Amazon shot off an innocuous news release last night announcing that several heavyweights of literature would soon be joining its Kindle Store roster, including Salman Rushdie, Vladimir Nabokov, and Philip Roth. These big gains for Amazon's e-book store come from a deal with the Wylie Agency that's bringing 20 of the most important titles in fiction to the Kindle. But the new deal isn't just digitally launching great works such as Portnoy's Complaint—it's also causing huge complaints from the authors' publisher, Random House.
Following Amazon's announcement, Random House, the leading trade publisher in the U.S., announced it would no longer conduct "new English-language business" with the Wylie Agency. "The Wylie Agency's decision to sell e-books exclusively to Amazon for titles which are subject to active Random House agreements undermines our longstanding commitments to and investments in our authors, and it establishes this Agency as our direct competitor," said Stuart Applebaum, a Random House spokesman in a statement Thursday. "Therefore, regrettably, Random House on a worldwide basis will not be entering into any new English-language business agreements with the Wylie Agency until this situation is resolved."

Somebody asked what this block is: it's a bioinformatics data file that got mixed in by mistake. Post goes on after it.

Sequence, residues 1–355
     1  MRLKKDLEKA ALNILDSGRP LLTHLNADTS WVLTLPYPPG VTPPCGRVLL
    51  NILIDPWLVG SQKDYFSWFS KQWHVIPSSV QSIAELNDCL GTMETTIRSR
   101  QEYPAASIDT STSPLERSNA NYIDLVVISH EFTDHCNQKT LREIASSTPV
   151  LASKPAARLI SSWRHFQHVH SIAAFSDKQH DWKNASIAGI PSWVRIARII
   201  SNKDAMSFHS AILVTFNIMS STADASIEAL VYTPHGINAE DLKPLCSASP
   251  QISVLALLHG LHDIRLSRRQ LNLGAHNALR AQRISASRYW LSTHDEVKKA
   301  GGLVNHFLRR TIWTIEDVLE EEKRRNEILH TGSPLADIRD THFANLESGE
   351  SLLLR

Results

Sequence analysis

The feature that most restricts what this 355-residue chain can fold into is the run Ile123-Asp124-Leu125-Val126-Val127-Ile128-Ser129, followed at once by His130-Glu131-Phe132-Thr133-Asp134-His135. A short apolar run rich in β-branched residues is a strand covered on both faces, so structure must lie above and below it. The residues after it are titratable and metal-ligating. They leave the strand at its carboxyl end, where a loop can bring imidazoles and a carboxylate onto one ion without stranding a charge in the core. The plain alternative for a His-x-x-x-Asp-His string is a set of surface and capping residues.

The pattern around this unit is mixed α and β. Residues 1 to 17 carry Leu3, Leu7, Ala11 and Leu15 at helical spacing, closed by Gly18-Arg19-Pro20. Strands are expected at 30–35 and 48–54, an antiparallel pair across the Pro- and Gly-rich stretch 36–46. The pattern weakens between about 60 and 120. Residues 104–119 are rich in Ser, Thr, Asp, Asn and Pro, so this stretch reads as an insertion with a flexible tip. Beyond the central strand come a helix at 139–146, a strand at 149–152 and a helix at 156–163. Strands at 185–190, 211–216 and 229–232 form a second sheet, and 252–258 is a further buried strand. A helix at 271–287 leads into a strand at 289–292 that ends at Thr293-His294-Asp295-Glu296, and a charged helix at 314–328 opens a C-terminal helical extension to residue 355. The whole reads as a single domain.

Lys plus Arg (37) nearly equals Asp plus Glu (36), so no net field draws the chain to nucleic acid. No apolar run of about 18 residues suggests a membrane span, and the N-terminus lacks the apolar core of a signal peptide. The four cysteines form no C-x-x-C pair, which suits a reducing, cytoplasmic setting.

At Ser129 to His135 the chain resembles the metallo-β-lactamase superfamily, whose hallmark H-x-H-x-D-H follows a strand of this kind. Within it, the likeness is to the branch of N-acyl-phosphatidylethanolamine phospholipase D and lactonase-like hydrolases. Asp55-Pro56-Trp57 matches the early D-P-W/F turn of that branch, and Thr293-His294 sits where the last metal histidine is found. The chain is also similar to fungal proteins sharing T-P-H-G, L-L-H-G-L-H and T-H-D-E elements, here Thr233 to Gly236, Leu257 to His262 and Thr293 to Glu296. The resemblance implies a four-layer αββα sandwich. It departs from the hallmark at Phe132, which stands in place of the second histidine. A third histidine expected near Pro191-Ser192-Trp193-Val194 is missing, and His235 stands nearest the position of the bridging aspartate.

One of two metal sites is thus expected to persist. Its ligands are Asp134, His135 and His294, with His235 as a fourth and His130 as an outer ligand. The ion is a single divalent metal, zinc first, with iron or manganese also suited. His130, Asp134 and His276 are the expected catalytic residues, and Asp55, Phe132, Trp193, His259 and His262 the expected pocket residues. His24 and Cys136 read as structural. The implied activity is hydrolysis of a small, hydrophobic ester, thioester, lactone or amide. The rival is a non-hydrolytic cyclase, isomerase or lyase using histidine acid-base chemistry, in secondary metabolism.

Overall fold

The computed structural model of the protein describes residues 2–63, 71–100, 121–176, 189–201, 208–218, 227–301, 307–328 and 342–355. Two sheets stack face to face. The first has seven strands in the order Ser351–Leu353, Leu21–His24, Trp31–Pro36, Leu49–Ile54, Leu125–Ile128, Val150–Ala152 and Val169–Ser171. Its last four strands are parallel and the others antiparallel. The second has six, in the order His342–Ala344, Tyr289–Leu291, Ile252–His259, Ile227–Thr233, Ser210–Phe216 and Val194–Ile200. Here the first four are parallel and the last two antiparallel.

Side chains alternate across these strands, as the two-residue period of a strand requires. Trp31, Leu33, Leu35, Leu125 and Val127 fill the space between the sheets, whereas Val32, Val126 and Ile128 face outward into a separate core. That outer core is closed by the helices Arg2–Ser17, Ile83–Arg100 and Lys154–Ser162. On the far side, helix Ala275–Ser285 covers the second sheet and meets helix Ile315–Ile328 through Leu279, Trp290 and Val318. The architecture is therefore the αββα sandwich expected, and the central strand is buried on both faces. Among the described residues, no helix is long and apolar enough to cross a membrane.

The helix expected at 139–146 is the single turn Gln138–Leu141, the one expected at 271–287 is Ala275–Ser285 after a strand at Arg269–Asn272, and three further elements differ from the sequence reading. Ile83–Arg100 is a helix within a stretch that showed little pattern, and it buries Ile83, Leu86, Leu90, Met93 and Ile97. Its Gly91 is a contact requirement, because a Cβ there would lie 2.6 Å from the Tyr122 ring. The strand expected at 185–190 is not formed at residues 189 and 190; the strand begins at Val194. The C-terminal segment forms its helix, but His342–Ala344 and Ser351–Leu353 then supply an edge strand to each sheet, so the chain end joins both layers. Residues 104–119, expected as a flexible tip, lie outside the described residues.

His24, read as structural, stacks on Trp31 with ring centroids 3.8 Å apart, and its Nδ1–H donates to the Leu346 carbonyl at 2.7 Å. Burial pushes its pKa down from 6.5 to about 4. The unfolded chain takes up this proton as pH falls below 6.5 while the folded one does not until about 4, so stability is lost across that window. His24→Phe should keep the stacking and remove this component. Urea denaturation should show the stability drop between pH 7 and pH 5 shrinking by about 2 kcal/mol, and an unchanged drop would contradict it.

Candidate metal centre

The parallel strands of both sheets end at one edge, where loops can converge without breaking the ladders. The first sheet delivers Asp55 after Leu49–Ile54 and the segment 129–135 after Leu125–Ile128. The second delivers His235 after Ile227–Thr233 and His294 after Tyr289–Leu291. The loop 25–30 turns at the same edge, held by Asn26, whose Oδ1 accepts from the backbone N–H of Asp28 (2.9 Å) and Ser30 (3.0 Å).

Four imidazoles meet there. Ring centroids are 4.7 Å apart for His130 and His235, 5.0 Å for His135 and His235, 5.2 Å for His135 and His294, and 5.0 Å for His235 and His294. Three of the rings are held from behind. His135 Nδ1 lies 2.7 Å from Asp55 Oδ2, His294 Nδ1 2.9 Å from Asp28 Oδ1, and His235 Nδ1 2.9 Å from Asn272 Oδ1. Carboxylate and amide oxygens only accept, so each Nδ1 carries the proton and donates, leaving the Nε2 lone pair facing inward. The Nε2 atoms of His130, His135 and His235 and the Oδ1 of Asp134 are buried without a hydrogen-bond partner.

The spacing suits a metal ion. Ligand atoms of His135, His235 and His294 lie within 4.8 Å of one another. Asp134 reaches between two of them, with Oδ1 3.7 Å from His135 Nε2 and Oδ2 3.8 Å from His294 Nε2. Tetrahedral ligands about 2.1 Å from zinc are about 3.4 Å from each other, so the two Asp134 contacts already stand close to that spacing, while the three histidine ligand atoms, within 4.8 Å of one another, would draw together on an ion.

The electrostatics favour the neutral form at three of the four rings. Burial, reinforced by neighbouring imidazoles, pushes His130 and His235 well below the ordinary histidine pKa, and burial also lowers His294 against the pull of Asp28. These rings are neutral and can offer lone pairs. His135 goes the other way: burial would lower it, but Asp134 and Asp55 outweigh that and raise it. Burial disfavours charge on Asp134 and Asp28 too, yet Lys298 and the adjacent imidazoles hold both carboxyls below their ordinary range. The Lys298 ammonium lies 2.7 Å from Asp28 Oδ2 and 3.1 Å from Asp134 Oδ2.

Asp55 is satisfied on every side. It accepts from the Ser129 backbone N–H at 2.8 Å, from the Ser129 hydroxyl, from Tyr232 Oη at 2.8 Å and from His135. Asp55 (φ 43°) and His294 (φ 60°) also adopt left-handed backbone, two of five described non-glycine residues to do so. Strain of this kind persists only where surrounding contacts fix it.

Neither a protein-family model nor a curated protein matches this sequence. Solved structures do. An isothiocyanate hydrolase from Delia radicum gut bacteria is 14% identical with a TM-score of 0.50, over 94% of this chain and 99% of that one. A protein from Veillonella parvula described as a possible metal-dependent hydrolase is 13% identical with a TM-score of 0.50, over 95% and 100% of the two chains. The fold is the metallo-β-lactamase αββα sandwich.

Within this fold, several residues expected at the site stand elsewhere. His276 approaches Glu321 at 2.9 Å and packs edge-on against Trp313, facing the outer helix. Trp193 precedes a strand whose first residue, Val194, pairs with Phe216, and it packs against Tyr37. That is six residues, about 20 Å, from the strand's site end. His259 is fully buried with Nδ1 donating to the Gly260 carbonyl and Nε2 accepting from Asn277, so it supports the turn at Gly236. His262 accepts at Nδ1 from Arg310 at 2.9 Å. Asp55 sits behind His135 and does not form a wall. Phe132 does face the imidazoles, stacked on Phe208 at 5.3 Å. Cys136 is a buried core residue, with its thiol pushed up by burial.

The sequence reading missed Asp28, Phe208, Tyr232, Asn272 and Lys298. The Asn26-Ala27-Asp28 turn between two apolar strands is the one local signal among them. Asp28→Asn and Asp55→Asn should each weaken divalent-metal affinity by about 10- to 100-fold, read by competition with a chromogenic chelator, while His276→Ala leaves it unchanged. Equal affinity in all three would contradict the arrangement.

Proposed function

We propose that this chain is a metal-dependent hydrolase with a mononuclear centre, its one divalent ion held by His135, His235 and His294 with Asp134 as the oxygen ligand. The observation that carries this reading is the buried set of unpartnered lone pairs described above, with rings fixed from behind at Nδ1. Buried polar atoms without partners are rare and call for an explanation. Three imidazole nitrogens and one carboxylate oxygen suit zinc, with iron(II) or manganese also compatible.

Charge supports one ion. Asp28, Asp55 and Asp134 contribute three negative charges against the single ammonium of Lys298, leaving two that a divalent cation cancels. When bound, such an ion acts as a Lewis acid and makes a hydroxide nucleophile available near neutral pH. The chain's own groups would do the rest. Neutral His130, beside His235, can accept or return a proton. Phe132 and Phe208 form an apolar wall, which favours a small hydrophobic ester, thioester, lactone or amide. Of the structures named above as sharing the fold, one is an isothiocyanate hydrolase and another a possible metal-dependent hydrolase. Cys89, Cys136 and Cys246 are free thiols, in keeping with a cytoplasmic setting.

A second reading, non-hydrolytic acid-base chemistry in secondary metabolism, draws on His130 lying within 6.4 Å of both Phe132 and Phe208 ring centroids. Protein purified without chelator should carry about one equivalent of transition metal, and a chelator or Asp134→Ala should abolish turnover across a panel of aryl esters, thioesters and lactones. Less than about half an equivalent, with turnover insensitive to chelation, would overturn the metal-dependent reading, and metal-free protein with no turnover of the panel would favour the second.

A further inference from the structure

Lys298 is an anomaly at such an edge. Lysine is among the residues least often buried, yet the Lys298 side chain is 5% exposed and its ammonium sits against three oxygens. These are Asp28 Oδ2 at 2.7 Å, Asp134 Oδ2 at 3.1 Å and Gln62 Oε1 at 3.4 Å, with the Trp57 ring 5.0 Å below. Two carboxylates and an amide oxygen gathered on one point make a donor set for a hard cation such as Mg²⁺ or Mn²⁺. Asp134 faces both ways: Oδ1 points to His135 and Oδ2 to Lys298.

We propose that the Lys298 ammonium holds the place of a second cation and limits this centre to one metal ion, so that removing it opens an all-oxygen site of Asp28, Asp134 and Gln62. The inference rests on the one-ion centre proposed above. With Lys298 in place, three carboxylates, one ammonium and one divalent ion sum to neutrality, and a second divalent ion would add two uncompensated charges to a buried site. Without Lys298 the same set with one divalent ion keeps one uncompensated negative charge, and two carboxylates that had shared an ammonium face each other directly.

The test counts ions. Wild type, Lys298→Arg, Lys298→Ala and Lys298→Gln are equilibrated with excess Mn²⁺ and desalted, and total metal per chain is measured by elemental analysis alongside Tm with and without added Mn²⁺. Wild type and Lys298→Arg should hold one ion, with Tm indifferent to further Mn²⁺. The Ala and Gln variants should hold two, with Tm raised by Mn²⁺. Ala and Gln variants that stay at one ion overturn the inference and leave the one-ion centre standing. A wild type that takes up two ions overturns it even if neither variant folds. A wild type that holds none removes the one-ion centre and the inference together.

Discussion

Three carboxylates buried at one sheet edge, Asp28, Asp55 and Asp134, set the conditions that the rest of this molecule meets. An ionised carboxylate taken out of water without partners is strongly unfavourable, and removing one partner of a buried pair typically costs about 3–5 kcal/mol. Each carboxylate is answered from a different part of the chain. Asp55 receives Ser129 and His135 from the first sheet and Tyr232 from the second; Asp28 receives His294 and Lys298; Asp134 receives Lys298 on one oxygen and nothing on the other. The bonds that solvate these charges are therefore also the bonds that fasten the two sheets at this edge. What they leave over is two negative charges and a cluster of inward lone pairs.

With production costs of e-books declining thanks to the ease of Internet distribution, the need for publishers is diminishing. And Wylie, according to the Associated Press, has for some time considered breaking with traditional publishers by releasing books themselves. Agency founder Andrew Wylie, whose clients include Roth and Rushdie among others, finally decided to release a line of e-books through Odyssey Editions, an e-publishing firm Wylie launched last year that has been attracting authors with offers of higher royalties. Traditional publishers typically offer 25% of royalties for e-books—agents and authors are now looking for 50%.
While the financial terms of the deal were not disclosed, Amazon must've offered the Wylie Agency enough to lure it away from its global business with Random House. Either way, Wylie's jump into e-publishing sparks a whole new war between agencies and traditional publishing houses, which will likely now look for new ways to stymie such deals.
Ultimately, the big winner today is Amazon. Without damaging its relationship with Random House, it gained twenty new titles for its e-book store including Midnight's Children and Lolita—neither of which will be available through Apple's iBook store. Perhaps it's aggressive deals like this that helped Amazon's digital store grow more than 200% since January, and its e-book sales overtake hardcovers for the first time.
Correction: An earlier version of this article misattributed Jane Friedman as a co-founder of Odyssey Editions. Friedman, the former CEO of HarperCollins, is actually the co-founder of Open Road Integrated Media, a content marketing firm that focuses on e-books.